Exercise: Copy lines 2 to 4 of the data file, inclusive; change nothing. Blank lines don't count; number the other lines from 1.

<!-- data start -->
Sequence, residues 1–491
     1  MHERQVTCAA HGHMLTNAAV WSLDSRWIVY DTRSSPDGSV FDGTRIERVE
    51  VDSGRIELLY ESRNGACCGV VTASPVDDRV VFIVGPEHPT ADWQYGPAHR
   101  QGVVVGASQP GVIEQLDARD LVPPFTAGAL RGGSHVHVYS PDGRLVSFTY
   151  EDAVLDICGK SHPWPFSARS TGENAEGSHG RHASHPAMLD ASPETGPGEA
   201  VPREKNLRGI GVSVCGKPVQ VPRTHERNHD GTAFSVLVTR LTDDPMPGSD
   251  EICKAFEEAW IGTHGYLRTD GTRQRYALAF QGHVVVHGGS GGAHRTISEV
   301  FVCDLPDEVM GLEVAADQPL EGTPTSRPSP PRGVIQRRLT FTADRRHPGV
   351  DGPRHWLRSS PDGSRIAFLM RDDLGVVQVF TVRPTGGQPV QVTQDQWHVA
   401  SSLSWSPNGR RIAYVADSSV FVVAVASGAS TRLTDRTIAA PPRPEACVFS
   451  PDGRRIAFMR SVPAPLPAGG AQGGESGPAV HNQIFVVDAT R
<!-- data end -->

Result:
     1  MHERQVTCAA HGHMLTNAAV WSLDSRWIVY DTRSSPDGSV FDGTRIERVE
    51  VDSGRIELLY ESRNGACCGV VTASPVDDRV VFIVGPEHPT ADWQYGPAHR
   101  QGVVVGASQP GVIEQLDARD LVPPFTAGAL RGGSHVHVYS PDGRLVSFTY